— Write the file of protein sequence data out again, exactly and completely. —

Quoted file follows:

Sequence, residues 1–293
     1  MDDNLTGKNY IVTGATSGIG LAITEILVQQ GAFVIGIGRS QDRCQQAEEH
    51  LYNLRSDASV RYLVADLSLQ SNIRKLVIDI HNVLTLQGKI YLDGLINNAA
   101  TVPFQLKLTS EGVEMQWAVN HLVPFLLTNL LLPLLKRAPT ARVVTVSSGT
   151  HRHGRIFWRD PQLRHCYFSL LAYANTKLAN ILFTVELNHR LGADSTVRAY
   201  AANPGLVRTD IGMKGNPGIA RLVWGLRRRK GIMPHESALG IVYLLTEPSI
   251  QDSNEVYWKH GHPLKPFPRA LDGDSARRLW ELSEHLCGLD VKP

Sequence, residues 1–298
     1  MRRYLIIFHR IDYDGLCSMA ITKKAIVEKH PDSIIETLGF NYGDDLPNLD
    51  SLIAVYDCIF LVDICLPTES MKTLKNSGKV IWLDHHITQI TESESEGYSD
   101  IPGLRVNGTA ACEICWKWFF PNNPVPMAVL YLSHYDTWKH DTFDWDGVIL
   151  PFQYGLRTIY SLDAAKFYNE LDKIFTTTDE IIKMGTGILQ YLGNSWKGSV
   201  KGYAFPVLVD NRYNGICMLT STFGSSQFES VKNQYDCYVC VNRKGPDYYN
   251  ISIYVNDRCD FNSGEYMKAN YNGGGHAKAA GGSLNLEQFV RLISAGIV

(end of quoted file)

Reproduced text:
Sequence, residues 1–293
     1  MDDNLTGKNY IVTGATSGIG LAITEILVQQ GAFVIGIGRS QDRCQQAEEH
    51  LYNLRSDASV RYLVADLSLQ SNIRKLVIDI HNVLTLQGKI YLDGLINNAA
   101  TVPFQLKLTS EGVEMQWAVN HLVPFLLTNL LLPLLKRAPT ARVVTVSSGT
   151  HRHGRIFWRD PQLRHCYFSL LAYANTKLAN ILFTVELNHR LGADSTVRAY
   201  AANPGLVRTD IGMKGNPGIA RLVWGLRRRK GIMPHESALG IVYLLTEPSI
   251  QDSNEVYWKH GHPLKPFPRA LDGDSARRLW ELSEHLCGLD VKP

Sequence, residues 1–298
     1  MRRYLIIFHR IDYDGLCSMA ITKKAIVEKH PDSIIETLGF NYGDDLPNLD
    51  SLIAVYDCIF LVDICLPTES MKTLKNSGKV IWLDHHITQI TESESEGYSD
   101  IPGLRVNGTA ACEICWKWFF PNNPVPMAVL YLSHYDTWKH DTFDWDGVIL
   151  PFQYGLRTIY SLDAAKFYNE LDKIFTTTDE IIKMGTGILQ YLGNSWKGSV
   201  KGYAFPVLVD NRYNGICMLT STFGSSQFES VKNQYDCYVC VNRKGPDYYN
   251  ISIYVNDRCD FNSGEYMKAN YNGGGHAKAA GGSLNLEQFV RLISAGIV